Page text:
Eschew Surplusage ~ A View From the Keyboard of Mark Twain

A few of Mark Twain’s rules for writing:

1. A tale shall accomplish something and arrive somewhere.

2. The episodes of a tale shall be necessary parts of the tale, and shall help develop it.

3. The personages in a tale shall be alive, except in the case of corpses, and that always the reader shall be able to tell the corpses from the others.

4. The personages in a tale, both dead and alive, shall exhibit a sufficient excuse for being there.

5. When the personages of a tale deal in conversation, the talk shall sound like human talk, and be talk such as human beings would be likely to talk in the given circumstances, and have a discoverable meaning, also a discoverable purpose, and a show of relevancy, and remain in the neighborhood of the subject in hand, and be interesting to the reader, and help out the tale, and stop when the people cannot think of anything more to say.

6. When the author describes the character of a personage in his tale, the conduct and conversation of that personage shall justify said description.

7. When a personage talks like an illustrated, gilt-edged, tree-calf, hand-tooled, seven-dollar Friendship’s Offering in the beginning of a paragraph, he shall not talk like a Negro minstrel at the end of it.

8. Crass stupidities shall not be played upon the reader by either the author or the people in the tale.

9. The personages of a tale shall confine themselves to possibilities and let miracles alone; or, if they venture a miracle, the author must so plausibly set it forth as to make it look possible and reasonable.

10. The author shall make the reader feel a deep interest in the personages of his tale and their fate; and that he shall make the reader love the good people in the tale and hate the bad ones.

11. The characters in tale be so clearly defined that the reader can tell beforehand what each will do in a given emergency.

12. The author should:

Say what he is proposing to say, not merely come near it.

Use the right word, not its second cousin.

Eschew surplusage.

Not omit necessary details.

Avoid slovenliness of form.

Use good grammar.

Employ a simple, straightforward style.

 

→More View From the Keyboard contributions coming soon! Thanks for reading. -PMc.←

Shaking Things Up At Shake Rag Alley

William Burroughs, Franz Kafka, Sylvia Plath, Sylvia Plath, Maxine Hong Kingston, William Faulkner, Kara Walker, William Blake, Keith Haring, Jean-Michel Basquiat. What do these writers and artists have in common? They all use both writing and drawing in their creative practices. And at Shake Rag Alley in Mineral Point, WI, August 8 – 11, 2011 writers and artists will join together to explore the possibilities of combining writing and drawing as a way to enhance their own work.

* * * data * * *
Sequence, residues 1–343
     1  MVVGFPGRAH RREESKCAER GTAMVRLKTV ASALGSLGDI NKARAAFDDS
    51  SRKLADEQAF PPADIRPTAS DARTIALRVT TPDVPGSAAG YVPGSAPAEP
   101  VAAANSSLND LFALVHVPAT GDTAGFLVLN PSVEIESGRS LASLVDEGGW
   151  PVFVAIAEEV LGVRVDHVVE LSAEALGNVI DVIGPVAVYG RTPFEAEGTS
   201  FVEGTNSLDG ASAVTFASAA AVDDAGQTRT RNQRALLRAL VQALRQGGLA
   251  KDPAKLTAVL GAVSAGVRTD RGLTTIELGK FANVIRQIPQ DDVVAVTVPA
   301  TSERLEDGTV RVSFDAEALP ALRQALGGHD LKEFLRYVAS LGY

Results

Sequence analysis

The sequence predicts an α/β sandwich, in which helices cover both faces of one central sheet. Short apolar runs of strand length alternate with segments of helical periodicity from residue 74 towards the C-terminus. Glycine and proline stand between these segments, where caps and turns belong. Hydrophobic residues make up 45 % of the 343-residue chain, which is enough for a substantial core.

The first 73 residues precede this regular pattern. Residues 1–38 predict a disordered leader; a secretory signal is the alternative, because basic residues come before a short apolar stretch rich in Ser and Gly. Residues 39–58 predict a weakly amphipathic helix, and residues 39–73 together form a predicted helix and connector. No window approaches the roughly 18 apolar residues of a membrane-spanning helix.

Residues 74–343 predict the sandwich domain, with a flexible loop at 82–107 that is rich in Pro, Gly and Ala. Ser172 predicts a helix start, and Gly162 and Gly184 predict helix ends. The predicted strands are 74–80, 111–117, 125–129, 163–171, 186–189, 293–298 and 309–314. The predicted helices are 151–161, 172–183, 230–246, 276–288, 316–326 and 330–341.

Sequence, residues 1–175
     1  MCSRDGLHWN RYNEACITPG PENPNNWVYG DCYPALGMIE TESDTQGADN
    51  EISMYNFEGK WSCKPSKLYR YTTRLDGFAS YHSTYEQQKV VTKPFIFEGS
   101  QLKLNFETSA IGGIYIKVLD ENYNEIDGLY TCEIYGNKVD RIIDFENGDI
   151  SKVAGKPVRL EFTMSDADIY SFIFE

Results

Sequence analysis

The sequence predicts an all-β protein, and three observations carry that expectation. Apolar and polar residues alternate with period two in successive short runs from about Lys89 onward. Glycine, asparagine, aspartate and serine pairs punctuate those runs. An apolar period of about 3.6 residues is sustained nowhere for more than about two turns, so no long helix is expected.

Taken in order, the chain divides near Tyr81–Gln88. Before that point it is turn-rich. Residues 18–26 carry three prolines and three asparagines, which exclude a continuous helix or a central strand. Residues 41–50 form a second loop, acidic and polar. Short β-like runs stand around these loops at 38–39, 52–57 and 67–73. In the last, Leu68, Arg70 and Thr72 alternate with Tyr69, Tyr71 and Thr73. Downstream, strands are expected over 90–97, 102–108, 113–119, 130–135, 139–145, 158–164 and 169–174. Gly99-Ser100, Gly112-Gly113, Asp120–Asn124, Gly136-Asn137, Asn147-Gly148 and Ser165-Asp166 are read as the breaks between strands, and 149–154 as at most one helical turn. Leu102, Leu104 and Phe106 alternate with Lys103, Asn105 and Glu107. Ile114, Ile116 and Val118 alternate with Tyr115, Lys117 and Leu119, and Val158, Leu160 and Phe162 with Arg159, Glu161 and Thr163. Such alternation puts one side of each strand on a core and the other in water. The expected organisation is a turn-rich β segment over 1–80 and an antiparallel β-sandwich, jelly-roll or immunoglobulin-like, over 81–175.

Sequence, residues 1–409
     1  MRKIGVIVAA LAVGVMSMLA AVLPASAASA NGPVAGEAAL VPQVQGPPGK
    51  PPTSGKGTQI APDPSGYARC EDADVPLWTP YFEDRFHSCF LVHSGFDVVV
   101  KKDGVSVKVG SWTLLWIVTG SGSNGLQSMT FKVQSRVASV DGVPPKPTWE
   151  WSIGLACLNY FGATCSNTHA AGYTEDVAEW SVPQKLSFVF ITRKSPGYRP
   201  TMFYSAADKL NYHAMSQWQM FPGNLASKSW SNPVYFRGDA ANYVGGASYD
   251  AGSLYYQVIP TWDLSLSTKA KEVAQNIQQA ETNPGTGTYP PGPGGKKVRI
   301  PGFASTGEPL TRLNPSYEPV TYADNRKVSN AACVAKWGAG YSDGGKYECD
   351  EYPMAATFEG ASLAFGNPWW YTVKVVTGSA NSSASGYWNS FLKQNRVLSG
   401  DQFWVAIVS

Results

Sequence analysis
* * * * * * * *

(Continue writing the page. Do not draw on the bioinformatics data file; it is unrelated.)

Philip Hartigan and I will be teaching our popular Journal and Sketchbook workshop in the mornings of that week, and Philip will teach Making Artists’ Books in the afternoon. These are separate workshops that can be taken individually or together. From the Shake Rag Alley catalogue:

Journal & Sketchbook and Making Artists’ Books are designed to complement one another so participants may take both. Taken together, these workshops will help you create your own artists’ books and discover and create content for them as well.

Journal & Sketchbook is geared toward writers and artists of all levels. Activities will help you use visual note taking, writing, and expressive mark making to help you record memories, observations, imaginings, stories, and visual narratives. This pairing and interplay of text and image is a time-honored artistic tradition, practiced by writers and artists from Mark Twain to Henri Matisse to Jean-Michel Basquiat, and is useful for all manner of creative expression. ens.

Making Artists’ Books is designed to meet each participant at his/her own skill and experience level. Learn how to make your own unique, one-of-a-kind artist’s books. The course shows you how to: select the right paper for your project; create your pages using printmaking (linocuts, monoprint), drawings, collage, paintings; make a variety of book formats such as accordion books, star books, map-fold books, and simple pamphlets; bind and collate your pages in a variety of stitching methods. You will also consider how to make an artist’s book out of found materials. Many materials will be provided, but participants are encouraged to bring photos, art supplies, and anything with a flat surface that might be used in book arts.

Evening activities during getaway include: Monday night artist presentation and talk by instructor Philip Hartigan; Tuesday evening reading and author conversation by instructor Patricia Ann McNair; Thursday evening closing reception, reading, and exhibition by workshop participants.

Class Schedule: Journal & Sketchbook, M-Th, 9-12; Making Artists’ Books, M-Th 1-4. Participants enrolled in just one workshop will have optional open and guided studio time.

To register for Journal and Sketchbook and/or Creating Artists’ Books, contact Shake Rag Alley Center for Arts & Crafts, 18 Shake Rag Street, Mineral Point, WI 53565; Telephone: (608) 987-3292 :: www.ShakeRagAlley.com :: info@shakeragalley.com

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More on the work we do in these workshops at The Writing Life” blog by Katey Schultz and Philip’s various posts on “Praeterita.” Writers: don’t be afraid; stick figures count. Artists: don’t be afraid; every word counts. Images above are scrambled collages of well-known writers/artists, participant work from past workshops, and Shake Rag Alley, respectively. -PMc←